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Herb Alpert was still using an array of SoCal studio all-stars as his Tijuana Brass when South of the Border (1964) began to restore the combo’s good name after the modest Herb Alpert’s Tijuana Brass, Vol. 2 (1963) failed to ignite a fire in listener’s ears. Alpert later commented that the Sol Lake composition “Mexican Shuffle” “opened a new door for me.” That passageway meant the loss of the Tijuana Brass’ practically forced mariachi style and the rise of Alpert’s approach in arranging familiar melodies in fresh, creative settings. Nowhere would this stylistic progression be as pronounced as in the horn-driven updates of several then-concurrent chart hits. For instance, the mod sonic wrinkle in “Girl from Ipanema” emits a darkness veiled in mystery, directly contrasting the light buoyancy of “Hello! Dolly” or the footloose feel of the Beatles’ “All My Loving.” They seamlessly fit in with Sol Lake’s “Salud, Amor y Dinero” and a cover of Julius Wechter’s playful, midtempo “Up Cherry Street” — which Wechter’s own Baja Marimba Band had just recorded for their 1964 self-titled debut.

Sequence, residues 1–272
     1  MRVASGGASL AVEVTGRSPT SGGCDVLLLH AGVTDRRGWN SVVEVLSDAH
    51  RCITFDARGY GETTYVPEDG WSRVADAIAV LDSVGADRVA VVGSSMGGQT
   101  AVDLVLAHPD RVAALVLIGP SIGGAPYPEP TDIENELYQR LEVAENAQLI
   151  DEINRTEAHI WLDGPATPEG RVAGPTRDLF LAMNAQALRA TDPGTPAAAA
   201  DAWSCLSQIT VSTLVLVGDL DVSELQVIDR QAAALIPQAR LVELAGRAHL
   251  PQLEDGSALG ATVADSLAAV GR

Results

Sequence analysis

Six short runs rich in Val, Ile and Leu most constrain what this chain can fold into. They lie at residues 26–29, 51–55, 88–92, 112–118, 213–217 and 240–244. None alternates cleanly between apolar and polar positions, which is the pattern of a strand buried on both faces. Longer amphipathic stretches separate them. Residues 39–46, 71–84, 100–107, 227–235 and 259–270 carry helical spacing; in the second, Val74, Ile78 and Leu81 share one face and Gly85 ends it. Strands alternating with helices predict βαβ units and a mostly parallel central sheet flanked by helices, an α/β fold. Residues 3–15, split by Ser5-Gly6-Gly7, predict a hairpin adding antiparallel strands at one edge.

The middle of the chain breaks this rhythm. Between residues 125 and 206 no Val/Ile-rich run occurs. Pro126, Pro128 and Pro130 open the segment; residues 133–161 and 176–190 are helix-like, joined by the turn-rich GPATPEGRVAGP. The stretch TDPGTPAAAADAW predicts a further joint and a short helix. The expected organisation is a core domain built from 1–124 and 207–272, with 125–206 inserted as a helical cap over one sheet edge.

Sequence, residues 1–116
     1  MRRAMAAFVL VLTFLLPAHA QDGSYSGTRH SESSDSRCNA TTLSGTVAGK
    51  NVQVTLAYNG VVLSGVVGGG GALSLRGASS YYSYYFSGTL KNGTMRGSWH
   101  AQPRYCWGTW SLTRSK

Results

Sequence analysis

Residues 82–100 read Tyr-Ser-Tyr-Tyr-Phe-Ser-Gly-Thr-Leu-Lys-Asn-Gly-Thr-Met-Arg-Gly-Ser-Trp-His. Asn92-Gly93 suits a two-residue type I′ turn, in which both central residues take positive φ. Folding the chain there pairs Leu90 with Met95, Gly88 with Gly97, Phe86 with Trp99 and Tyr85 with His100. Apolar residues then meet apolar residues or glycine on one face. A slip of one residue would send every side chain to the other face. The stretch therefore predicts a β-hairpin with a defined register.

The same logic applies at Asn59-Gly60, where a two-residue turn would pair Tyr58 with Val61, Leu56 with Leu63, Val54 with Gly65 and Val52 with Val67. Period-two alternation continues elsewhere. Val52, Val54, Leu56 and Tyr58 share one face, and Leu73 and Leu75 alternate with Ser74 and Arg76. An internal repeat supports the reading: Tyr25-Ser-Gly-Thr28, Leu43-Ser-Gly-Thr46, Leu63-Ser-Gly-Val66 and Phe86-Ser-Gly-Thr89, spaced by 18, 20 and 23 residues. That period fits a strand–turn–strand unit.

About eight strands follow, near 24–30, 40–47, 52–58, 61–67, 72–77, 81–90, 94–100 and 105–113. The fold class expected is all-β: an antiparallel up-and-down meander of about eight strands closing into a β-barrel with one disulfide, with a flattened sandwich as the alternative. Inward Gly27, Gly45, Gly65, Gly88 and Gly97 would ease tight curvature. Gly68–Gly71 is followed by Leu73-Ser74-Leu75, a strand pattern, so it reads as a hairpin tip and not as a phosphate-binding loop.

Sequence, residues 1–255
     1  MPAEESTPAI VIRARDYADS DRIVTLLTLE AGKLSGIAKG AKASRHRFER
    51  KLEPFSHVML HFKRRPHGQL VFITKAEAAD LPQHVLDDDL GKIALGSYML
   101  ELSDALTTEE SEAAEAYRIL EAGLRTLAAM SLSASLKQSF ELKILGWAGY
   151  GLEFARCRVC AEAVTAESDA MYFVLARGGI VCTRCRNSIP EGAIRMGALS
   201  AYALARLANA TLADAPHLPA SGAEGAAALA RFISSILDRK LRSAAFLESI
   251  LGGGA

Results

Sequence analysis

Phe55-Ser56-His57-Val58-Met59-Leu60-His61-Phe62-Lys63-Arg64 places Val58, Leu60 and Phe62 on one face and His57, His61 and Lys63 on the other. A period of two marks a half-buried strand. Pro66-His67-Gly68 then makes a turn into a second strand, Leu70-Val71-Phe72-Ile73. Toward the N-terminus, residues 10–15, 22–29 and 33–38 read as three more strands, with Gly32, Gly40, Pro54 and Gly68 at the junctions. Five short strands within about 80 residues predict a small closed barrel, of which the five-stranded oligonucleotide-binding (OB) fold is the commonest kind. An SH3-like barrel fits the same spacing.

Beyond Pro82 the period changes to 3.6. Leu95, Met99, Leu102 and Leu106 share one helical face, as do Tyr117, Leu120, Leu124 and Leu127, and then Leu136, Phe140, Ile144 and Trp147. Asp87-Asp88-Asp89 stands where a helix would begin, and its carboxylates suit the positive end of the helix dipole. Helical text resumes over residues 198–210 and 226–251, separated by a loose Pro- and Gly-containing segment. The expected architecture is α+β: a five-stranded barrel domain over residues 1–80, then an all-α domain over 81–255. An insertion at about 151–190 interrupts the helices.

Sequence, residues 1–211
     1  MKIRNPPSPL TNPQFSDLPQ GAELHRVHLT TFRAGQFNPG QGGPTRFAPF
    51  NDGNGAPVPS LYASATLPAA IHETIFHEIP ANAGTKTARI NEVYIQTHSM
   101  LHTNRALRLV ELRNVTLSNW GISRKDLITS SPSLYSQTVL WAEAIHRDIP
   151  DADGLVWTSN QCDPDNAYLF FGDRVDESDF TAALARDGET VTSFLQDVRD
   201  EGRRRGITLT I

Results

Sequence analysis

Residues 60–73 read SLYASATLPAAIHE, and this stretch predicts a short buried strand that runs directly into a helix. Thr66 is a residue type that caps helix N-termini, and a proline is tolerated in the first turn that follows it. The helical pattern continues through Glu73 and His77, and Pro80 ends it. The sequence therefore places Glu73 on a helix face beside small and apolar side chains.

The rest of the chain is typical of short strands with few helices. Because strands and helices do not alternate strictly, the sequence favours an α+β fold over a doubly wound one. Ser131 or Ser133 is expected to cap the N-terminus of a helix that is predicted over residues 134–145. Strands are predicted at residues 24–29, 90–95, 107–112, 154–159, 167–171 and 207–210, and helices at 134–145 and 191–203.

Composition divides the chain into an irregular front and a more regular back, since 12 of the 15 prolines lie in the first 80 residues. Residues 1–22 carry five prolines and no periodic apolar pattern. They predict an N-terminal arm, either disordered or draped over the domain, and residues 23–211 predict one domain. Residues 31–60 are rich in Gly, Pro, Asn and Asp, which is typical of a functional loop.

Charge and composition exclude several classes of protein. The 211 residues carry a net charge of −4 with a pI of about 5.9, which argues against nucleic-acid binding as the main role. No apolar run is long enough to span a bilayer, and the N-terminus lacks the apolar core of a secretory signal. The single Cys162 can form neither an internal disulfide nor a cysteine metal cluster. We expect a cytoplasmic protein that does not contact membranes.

The ballads “I’ve Grown Accustomed to Her Face,” “Angelito,” and “Adios, Mi Corazon” provide contrasts with Alpert’s sensitive scores never seeming maudlin or unnecessarily over the top. If the regal “El Presidente” sounds particularly familiar, it may well be due to Alpert’s slight renovation of the “Winds of Barcelona” from the Tijuana Brass’ previous effort, the less than impressive Herb Alpert’s Tijuana Brass, Vol. 2. It was renamed “El Presidente,” presumably to honor the then-recent memory of the slain U.S. leader John Fitzgerald Kennedy. (by Lindsay Planer)

In other word: Another pretty good album by Herb Alpert ! My copy was especially produced for the Spanisch record market …

The EP:

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Personnel:
Herb Alpert (trumpet, vovals)
Nick Ceroli (drums)